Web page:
We had a great experience with morning. We drove to the old monastery and Abbey of San’ Antimo, south of Montalcino. It was on the old pilgrimage trail in the Middle Ages, the same one as La Foce. It was a beautiful old Abbey that went back to the days of Charlemagne in the 800s. It’s a simple Romanesque cathedral, and the lighting is luminescent, especially with the drifting smoke of frankincense. The whole interior is simple earth tones with a high wooden ceiling. The Mass was in Latin, and the brothers chanted almost the entire service. Sadly, there weren’t as many brothers doing Gregorian chants as I had hoped, but I did think of Dad and how much he loved listening to Gregorian chants. There was also a mixed choir (meaning including a couple of women), and their voices and songs were beautiful, but they hid themselves back behind the altar most of the time. The brothers and priest used tons of frankincense. I’d be surprised if our clothes didn’t smell like it when we walked out. Of all the Masses I’ve been to in Italy, this was the most heavily attended.
My photos today are all screwed up, so I will have to figure out the problem. I think it’s a faulty photo card. I’m beginning with more photos from our fabulous day at Siena yesterday.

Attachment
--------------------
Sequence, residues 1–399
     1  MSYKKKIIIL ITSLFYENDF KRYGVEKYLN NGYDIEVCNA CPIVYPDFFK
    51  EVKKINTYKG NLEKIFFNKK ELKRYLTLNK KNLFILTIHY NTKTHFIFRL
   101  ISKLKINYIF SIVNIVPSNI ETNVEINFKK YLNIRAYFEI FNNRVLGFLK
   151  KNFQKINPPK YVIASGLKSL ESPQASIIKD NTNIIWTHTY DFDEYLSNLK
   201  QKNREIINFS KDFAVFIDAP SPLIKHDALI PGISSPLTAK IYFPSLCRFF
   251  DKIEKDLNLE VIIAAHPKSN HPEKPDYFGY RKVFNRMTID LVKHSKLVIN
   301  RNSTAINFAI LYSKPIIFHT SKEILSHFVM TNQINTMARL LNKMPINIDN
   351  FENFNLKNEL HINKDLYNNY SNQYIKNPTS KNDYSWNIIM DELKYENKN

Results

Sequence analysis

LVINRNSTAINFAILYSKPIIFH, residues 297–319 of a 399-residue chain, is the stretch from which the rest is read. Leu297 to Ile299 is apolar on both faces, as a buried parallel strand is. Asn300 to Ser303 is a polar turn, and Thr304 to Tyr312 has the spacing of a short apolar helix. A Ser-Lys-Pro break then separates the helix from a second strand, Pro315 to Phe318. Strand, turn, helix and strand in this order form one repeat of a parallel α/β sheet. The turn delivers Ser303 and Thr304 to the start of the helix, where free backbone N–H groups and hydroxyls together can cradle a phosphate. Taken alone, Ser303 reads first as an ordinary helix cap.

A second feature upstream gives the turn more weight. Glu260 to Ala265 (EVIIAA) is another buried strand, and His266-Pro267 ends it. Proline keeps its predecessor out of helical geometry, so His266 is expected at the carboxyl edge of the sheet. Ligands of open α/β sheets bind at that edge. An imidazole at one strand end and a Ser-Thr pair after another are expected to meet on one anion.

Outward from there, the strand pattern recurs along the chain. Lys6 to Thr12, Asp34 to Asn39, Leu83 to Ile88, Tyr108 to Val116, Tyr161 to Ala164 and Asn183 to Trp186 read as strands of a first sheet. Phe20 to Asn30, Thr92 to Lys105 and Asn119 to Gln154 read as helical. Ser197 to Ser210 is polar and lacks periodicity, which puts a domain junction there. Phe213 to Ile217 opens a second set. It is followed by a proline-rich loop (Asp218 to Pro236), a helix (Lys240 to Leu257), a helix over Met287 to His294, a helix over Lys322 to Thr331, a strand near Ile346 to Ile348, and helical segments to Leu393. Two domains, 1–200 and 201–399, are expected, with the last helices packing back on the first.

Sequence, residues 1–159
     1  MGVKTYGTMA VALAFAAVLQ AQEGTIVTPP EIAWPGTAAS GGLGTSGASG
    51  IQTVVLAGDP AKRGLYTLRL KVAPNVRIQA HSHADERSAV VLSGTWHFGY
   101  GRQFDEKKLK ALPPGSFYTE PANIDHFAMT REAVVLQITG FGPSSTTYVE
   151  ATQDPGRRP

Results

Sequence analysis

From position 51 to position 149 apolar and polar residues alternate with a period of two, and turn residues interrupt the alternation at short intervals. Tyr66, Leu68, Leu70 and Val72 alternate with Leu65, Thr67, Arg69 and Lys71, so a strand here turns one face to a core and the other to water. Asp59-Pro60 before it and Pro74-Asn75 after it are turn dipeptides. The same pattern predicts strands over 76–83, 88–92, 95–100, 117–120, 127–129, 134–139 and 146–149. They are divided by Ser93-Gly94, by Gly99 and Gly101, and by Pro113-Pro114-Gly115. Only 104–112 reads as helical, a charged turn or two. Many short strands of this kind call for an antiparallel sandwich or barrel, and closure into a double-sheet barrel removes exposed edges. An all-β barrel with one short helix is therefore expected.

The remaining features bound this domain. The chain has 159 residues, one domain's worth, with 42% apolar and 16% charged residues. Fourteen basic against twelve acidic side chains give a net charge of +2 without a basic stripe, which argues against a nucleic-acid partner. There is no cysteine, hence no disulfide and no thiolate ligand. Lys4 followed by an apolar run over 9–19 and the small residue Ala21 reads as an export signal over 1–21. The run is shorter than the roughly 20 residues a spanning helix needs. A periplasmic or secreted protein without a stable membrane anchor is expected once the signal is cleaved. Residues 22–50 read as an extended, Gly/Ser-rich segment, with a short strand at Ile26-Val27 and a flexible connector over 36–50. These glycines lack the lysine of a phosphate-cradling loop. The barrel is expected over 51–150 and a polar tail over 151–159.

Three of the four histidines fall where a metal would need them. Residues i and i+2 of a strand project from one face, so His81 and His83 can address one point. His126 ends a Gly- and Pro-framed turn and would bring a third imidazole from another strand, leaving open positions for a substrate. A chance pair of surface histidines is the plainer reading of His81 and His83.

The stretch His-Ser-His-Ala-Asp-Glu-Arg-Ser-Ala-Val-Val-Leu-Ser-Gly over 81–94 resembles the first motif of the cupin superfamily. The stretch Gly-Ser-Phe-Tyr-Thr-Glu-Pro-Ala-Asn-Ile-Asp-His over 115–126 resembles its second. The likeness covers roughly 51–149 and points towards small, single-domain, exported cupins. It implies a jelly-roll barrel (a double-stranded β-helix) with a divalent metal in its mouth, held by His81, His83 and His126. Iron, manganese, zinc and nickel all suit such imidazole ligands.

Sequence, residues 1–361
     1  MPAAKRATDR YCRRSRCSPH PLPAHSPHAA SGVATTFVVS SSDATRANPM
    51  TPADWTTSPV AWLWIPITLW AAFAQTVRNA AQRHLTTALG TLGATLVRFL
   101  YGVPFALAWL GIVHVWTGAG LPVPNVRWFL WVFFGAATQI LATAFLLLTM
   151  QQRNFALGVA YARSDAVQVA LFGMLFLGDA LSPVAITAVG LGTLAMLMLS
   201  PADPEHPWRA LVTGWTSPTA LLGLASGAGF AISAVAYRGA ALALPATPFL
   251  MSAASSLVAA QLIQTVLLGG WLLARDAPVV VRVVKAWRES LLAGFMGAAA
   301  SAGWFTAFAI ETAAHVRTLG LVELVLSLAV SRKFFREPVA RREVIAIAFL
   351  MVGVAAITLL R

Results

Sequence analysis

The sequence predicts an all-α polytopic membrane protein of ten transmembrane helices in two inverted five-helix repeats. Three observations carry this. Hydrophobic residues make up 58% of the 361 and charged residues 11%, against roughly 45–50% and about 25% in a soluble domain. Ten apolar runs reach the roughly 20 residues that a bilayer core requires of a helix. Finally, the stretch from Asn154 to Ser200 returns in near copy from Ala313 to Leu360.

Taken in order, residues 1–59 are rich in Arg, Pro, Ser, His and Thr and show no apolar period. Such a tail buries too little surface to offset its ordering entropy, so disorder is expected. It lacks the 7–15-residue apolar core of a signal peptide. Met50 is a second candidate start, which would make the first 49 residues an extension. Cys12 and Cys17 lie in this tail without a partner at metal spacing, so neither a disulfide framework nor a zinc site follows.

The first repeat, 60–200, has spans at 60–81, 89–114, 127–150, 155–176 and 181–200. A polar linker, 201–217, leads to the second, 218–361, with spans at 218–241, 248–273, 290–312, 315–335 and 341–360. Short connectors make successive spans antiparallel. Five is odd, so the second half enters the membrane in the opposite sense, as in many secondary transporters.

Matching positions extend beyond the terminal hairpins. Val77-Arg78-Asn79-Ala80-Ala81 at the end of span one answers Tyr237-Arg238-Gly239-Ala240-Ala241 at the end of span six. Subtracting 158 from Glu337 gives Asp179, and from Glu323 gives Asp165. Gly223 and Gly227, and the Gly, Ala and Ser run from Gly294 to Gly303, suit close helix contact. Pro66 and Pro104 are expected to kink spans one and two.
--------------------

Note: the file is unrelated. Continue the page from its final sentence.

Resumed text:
Oh, I also forgot to tell you that we visited Riccardo’s Agriturismo on our way to Siena yesterday. We met him at the party at our apartments. His family has lived on the land for 700 years! They even have a family chapel, which houses an 800 year old saint mummy! He also fixed up a beautiful old barn building on the property into a villa for guests with a pool. Family reunion anyone? He even showed us where the brick was smooth on one side because the animals rubbed by it so many times. I’ll start with photos of that, then Siena, then the regrettably streaked photos for today. Actually, I’m not sure what order they’ll be in, but you can figure it out.
Oh, after Mass, we drove into Montelcino and went to the same restaurant we went to in 2010 with Elizabeth and Chuck: La Taverna di Grappolo Blu, which I now know means the blue grape! It was delicious. Jack and I tasted the famous Brunello wine, but we can’t tell the difference between it and the Vino Nobile of Montepulciano: both good, both smooth, both expensive. Then we had coffee at the Florian Bar outside. The bar was built in 1888 and has that 1890s atmosphere. It’s in the main piazza.